When I started this job about a year and a half ago, I didn’t know much about user groups and community. I was aware of the NJ MS Developer Group that met in the local Microsoft office only because it was run by some of my fellow MCS consultants. I figured it was a good customer service initiative Microsoft was leading to help folks learn about its developer technologies.
When I took the Developer Evangelist role at Microsoft, I learned that one of my main responsibilities would be to support the local .NET developer community and area user groups. I quickly learned that there were many .NET user groups that met throughout the New York, New Jersey, and Pennsylvania area. I also learned that these groups are led by a set of dedicated people who are passionate about technology and excited to share that passion with their fellow developers.
My first thought upon learning this was, “Why are these folks doing this? What’s in it for them?” The folks from MCS who led the NJ group, while passionate about the technology, did so more or less as part of their jobs. But these other community leaders appeared to be doing it in their own spare time!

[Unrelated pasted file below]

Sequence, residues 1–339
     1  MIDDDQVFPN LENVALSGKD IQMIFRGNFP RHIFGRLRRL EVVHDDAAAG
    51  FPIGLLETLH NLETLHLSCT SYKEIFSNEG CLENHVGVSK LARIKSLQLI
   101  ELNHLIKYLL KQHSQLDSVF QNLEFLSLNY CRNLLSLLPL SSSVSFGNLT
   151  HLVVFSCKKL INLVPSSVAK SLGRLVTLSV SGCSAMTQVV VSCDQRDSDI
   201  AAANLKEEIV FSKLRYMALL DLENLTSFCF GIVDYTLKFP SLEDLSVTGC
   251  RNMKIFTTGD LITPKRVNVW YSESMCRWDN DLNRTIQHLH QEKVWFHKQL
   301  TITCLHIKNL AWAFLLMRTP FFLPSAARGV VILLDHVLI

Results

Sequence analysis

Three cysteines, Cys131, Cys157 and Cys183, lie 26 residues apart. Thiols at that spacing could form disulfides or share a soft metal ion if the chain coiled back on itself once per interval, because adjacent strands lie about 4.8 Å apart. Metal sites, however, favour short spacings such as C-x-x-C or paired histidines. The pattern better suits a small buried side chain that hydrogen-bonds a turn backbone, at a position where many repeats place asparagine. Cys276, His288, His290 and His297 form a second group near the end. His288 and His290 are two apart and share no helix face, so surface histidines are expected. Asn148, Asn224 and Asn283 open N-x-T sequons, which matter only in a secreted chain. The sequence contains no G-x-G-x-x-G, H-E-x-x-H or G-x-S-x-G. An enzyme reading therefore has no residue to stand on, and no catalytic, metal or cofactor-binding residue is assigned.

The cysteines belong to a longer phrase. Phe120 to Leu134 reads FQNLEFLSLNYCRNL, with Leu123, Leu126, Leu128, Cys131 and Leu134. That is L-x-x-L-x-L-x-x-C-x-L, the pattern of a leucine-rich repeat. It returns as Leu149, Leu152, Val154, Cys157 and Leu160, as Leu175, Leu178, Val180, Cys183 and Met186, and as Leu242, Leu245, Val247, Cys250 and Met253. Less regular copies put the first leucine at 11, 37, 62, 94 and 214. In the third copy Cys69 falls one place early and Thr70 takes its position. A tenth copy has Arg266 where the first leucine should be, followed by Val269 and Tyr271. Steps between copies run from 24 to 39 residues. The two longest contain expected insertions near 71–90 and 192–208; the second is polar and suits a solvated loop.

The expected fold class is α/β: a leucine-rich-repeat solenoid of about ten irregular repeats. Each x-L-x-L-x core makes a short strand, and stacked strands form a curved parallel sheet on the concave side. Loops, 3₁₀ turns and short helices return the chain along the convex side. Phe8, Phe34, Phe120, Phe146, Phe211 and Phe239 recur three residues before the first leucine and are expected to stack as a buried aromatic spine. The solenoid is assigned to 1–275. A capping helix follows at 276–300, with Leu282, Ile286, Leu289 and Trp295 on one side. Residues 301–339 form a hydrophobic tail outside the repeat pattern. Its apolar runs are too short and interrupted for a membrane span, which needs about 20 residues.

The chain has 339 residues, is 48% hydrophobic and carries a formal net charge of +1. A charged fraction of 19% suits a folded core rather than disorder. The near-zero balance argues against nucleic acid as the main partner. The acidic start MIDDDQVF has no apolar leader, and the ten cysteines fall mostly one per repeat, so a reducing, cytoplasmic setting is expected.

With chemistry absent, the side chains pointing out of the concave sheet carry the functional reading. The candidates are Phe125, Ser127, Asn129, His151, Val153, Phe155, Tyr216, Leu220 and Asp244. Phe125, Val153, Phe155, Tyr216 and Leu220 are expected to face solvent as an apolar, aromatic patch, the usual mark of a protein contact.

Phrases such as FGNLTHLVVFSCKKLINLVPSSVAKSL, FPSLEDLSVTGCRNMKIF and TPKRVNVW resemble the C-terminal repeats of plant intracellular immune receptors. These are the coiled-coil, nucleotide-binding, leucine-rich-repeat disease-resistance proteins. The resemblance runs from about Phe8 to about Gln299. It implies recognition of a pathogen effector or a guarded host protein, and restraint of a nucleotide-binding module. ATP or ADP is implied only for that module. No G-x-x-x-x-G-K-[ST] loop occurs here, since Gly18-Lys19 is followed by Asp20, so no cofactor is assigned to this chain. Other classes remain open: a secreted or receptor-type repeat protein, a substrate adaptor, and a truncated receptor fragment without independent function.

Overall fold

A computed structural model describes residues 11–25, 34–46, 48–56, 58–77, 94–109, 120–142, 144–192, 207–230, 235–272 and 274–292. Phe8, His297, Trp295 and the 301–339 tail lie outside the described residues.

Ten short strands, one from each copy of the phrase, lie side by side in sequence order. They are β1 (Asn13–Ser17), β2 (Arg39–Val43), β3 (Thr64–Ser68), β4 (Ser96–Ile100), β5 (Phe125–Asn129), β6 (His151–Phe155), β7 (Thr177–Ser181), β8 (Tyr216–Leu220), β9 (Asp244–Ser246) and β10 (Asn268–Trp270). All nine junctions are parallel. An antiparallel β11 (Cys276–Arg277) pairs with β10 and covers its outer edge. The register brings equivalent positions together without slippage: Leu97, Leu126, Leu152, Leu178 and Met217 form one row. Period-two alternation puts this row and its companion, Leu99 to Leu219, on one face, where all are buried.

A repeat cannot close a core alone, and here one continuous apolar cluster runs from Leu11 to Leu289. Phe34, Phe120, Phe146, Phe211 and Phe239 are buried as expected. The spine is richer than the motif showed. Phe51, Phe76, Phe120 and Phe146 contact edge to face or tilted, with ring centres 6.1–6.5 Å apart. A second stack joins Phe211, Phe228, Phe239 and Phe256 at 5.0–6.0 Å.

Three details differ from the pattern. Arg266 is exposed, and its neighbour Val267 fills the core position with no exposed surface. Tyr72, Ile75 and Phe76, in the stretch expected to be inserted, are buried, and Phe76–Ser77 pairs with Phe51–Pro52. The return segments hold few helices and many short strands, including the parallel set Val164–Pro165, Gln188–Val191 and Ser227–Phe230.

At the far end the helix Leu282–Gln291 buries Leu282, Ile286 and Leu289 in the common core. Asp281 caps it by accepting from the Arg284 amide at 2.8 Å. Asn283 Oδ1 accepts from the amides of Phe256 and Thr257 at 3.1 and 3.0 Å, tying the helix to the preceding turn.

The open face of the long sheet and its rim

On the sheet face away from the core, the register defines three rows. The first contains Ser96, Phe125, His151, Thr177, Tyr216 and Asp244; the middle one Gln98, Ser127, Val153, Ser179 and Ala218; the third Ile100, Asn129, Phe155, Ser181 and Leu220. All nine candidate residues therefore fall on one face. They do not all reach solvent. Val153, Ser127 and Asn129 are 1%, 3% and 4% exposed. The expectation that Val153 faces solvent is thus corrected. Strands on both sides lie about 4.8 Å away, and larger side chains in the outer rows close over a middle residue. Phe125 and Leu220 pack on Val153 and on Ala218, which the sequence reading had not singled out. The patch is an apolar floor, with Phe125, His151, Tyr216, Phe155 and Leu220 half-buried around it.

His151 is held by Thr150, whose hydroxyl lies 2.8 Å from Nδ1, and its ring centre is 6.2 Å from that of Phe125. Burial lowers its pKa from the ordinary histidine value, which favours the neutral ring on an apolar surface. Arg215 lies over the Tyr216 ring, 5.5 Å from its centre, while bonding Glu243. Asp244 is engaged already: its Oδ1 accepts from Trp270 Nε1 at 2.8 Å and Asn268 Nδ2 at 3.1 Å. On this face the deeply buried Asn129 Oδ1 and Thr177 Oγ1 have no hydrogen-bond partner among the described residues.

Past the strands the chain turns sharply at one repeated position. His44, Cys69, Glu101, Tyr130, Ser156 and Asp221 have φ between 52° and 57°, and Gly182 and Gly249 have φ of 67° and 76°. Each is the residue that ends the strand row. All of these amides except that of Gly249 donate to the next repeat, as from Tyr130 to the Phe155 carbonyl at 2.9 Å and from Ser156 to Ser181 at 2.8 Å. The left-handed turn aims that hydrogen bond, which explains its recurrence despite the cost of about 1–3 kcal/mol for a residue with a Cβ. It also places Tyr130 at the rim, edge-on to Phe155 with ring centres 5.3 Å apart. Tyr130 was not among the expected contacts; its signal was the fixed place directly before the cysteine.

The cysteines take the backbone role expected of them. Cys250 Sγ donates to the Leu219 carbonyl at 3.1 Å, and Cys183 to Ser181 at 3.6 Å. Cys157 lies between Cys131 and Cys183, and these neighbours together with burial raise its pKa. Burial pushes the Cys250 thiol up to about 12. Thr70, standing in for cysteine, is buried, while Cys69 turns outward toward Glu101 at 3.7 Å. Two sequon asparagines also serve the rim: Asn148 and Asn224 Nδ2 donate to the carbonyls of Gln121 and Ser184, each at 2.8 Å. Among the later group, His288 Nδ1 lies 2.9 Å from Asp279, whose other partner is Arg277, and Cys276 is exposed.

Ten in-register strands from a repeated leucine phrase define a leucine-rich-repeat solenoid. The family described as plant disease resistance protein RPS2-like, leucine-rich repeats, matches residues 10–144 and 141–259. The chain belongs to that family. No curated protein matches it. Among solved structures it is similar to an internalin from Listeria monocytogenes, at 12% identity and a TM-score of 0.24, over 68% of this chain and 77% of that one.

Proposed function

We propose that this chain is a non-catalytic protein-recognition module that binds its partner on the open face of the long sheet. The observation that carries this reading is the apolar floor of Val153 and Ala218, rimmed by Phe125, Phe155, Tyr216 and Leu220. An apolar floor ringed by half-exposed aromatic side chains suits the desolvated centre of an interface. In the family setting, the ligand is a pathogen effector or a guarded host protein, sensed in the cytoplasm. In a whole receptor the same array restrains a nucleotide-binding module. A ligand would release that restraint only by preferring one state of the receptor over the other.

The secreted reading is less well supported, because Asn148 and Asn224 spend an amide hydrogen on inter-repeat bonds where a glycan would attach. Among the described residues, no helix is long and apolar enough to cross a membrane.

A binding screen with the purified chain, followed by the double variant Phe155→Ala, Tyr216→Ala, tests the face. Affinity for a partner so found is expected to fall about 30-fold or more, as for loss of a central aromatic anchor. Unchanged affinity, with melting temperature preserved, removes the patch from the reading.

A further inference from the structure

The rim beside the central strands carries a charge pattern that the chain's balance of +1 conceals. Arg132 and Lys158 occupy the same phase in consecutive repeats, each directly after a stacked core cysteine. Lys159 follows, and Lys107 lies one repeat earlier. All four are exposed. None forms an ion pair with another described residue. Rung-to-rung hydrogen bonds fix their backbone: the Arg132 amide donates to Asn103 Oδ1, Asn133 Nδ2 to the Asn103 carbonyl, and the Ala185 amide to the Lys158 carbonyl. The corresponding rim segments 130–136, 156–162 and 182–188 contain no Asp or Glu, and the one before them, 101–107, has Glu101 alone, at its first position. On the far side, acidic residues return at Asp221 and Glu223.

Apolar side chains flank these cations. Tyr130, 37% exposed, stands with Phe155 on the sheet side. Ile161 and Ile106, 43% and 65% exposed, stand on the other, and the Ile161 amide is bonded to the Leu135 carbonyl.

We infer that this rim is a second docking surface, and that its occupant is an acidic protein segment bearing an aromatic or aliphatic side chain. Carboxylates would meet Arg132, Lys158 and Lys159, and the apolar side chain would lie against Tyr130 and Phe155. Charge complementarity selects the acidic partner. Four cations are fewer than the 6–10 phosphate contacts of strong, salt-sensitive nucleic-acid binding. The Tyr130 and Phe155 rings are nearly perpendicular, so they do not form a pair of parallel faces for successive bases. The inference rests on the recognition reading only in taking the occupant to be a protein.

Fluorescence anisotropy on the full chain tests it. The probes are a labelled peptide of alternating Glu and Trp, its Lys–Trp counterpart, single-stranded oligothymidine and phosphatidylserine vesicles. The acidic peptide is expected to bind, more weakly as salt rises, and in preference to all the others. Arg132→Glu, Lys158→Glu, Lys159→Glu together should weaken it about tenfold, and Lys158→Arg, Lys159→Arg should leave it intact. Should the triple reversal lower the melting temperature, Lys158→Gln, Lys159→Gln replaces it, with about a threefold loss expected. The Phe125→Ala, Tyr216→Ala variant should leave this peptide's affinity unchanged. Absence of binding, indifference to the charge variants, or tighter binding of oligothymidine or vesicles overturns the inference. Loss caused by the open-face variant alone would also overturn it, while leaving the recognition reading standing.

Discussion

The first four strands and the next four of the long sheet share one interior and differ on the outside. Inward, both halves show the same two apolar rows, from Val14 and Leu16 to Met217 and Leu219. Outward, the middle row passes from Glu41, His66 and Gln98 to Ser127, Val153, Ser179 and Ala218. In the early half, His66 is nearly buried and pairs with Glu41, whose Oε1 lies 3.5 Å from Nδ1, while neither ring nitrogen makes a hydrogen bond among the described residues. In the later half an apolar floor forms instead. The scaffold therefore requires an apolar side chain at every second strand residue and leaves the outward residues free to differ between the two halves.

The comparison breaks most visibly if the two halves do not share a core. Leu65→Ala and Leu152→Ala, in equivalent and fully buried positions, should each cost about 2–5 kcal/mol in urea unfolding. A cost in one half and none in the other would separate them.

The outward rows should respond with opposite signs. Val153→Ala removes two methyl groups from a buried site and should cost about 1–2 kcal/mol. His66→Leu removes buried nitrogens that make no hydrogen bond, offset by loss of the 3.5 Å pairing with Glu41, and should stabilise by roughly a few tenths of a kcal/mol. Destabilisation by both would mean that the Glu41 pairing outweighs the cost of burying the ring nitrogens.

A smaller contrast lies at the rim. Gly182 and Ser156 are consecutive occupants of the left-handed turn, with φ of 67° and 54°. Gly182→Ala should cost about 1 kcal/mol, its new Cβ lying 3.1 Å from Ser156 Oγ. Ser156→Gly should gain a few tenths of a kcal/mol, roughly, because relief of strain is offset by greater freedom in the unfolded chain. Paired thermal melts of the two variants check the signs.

Over the past year or so, as I’ve gotten to know most of these folks, I’ve come to understand what drives most of them to be leaders in the developer community. There’s a whole slew of reasons, and I’ll tell you that money is not one of them! While passion about the technology is prime, I came across this article from Paul Kimmel yesterday that sums up nicely what’s in it for him. Paul is one of the leaders of a .NET user group in Michigan, GLUGnet.
Read Paul’s article on “Exploring the Value of .NET User Groups“.
I’d like to think most folks who attend user groups get similar value out of them. In my efforts to help support the developer community, I’m always looking for ways we can improve the user group experience and provide more value to people who go out of their way to attend after work.
So what say you?
If you do attend a user group regularly already, what’s in it for you? Why do you choose to travel to the monthly meetings after work and get home late? What would make the user group you attend even better?
If you don’t currently attend any user groups, what would make you interested in trying one out? Is it the topics? Location? Meeting time? Free schwag that many groups usually give out?
Each month, I try to list out what’s going on at each of the user groups in the NYC, NJ, and eastern Pennsylvania areas here on this blog. Does that information provide value?
Speak out and let me know! Leave a comment on this post, or send me an e-mail via the blog.